Sunday, November 30, 2008


Several weeks ago, the first of the fall storm cycles came in from the Pacific.

The winds skirt around the Olympic Mountains, taking the less obstructive way via the Strait of Juan de Fuca, through the San Juan Islands and into Samish, Chuckanut and Bellingham Bays.  

Old Big Leaf Maples, Acer macrophyllum, limbs wrapped with epiphytic mosses and lichens, shed their canopy of leaves. The air explodes into a riot of swirling, spinning yellow that quickly blankets the hillsides and ferns surrounding Oyster Creek.

The rains that follow fill the shallows of the creek. 

Chum salmon, Oncorhynchus keta, patiently waiting out in Samish Bay, swim inland and end their long journey through the north Pacific,  150 yards from the salt water that had been home for the last three years.

Eggs, laid in redds by the worn down hens and fertilized by the grizzled, tattered males settle into the gravel or drift into quiet pools and eddies.  

An American dipper, Cinclus mexicanus, the only North American songbird that swims underwater, swims by clutching a salmon egg in its beak. It emerges onto a mid-stream rock, swallows the egg and breaks into its melodious call.

Carcasses of dead and dying salmon litter the shallows, their bodies providing nutrients to the stream community, the oyster beds in the bay, and future generations of salmon.

Other salmon carcasses, pulled from the stream to the adjacent forest floor by small mammals, gulls and eagles decompose providing essential nitrogen to the forest.

Frost further breaks down the leaves into duff.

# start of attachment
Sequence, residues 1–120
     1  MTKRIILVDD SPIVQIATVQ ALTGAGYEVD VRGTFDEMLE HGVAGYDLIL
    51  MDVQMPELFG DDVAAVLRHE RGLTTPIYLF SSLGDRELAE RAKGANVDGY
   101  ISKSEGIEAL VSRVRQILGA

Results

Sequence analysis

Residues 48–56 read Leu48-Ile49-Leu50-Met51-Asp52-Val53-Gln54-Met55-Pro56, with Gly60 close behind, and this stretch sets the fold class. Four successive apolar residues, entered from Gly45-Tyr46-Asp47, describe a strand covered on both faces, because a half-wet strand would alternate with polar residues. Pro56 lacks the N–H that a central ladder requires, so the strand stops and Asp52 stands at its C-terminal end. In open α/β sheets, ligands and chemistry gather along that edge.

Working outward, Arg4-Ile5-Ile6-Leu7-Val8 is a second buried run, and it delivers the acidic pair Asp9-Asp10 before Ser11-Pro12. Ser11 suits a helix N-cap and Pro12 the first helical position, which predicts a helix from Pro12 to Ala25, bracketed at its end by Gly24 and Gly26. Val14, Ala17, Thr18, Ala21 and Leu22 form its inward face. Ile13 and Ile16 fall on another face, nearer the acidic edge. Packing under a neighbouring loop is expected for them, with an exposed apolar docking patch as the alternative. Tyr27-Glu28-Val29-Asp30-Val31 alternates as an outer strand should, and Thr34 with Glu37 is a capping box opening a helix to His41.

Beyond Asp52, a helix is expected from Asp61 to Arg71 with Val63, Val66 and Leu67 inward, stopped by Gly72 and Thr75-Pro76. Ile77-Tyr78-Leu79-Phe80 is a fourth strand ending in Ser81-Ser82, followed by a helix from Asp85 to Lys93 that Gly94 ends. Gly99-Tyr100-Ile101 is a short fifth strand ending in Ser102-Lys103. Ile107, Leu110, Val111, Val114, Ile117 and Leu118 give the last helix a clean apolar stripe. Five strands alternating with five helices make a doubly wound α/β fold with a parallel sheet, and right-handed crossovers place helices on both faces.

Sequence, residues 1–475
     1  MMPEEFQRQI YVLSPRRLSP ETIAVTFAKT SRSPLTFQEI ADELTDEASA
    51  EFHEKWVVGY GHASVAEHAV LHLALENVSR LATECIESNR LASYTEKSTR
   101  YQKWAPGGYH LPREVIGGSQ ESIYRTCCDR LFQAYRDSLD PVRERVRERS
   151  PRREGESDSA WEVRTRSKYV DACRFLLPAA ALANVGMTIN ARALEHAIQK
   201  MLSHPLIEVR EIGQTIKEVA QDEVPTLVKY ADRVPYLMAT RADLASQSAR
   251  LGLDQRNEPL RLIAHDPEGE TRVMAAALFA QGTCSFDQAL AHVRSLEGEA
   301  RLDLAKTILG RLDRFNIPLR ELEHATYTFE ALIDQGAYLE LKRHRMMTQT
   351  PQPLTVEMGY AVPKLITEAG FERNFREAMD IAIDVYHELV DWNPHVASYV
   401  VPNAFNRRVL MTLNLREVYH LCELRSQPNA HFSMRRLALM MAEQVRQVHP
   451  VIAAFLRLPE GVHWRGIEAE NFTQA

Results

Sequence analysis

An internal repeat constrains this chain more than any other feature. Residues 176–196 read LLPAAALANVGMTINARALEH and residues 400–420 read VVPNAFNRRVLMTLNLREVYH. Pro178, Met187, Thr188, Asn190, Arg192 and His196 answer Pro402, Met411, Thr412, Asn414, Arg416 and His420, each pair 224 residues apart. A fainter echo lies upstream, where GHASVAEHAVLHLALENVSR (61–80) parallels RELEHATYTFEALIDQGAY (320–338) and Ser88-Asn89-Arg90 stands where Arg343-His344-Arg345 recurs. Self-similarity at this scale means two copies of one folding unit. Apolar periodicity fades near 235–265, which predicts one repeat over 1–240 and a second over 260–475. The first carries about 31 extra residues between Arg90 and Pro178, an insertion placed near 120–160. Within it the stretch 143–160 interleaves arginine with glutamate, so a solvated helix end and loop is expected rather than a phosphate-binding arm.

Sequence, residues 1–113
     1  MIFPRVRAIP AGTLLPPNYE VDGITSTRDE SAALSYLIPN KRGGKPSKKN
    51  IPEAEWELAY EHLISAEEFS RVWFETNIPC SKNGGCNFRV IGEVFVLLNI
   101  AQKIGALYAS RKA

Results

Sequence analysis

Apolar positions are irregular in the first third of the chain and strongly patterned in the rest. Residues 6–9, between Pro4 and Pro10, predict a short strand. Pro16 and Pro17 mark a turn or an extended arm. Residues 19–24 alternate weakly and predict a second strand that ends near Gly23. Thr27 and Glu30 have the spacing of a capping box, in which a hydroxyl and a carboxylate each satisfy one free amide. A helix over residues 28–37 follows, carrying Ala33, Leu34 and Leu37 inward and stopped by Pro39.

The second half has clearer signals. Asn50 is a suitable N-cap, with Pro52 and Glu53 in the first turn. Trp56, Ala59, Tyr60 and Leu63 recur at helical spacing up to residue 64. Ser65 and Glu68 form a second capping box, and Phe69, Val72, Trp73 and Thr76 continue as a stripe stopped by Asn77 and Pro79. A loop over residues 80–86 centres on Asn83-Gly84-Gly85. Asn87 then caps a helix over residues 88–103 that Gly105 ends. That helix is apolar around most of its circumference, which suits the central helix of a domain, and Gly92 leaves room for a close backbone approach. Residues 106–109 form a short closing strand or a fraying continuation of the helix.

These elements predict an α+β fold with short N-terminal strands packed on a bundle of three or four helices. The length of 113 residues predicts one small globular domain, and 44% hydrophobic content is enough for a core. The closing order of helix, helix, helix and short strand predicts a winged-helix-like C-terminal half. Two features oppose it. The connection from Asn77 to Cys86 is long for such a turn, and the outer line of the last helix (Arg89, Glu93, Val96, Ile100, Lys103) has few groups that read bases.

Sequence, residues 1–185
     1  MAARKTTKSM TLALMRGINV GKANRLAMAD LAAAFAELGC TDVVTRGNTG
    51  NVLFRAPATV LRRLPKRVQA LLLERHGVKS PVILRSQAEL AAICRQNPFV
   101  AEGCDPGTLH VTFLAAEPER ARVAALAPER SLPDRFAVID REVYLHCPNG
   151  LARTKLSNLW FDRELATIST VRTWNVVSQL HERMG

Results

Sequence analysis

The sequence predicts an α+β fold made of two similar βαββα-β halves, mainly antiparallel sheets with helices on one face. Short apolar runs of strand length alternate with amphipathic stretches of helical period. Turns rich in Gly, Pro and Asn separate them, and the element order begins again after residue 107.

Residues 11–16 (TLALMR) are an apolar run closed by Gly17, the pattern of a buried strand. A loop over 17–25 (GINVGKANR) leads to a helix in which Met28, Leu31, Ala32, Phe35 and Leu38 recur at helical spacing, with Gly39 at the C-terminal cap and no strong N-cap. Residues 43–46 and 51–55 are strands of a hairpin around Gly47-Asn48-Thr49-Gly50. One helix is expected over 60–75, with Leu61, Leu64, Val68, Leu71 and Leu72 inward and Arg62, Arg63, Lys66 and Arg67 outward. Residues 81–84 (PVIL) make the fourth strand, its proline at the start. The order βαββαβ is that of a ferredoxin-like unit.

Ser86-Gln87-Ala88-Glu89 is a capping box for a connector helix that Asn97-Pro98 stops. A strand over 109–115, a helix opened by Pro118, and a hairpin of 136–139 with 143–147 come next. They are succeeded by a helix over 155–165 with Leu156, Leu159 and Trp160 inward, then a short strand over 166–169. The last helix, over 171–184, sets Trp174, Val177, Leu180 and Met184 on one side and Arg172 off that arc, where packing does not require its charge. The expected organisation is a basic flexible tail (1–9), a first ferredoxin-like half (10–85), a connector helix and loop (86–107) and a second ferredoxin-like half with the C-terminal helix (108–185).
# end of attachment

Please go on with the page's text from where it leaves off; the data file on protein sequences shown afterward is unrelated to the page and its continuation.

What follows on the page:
And the cycle comes full circle. From death emerges life.  

From detritus, growth.

Saturday, November 29, 2008

Waiting for Christmas on Bellingham Bay

The days immediately after Thanksgiving are hectic.  Black Friday shopping, the traffic and parking problems (even in our small city), running kids to lessons, sports, sleepovers, digging out the Christmas decorations from the attic and crawl spaces, and saying goodbye to friends and family we shared this holiday with can create stress.

I don't want to turn this into a Hallmark card or pretend to be Dr. Phil, but I think it is important, especially when so many remember what once was, that each of us have a way to put aside for awhile the problems we have as a nation, as families and as individuals, dig into the recesses of our memory and remember those times of peace, solitude, happiness and innocence.

It is a way to get through.............

Please enjoy this image of Mackenzie as she waits for Christmas, and pause...........

These are the best days of our lives..........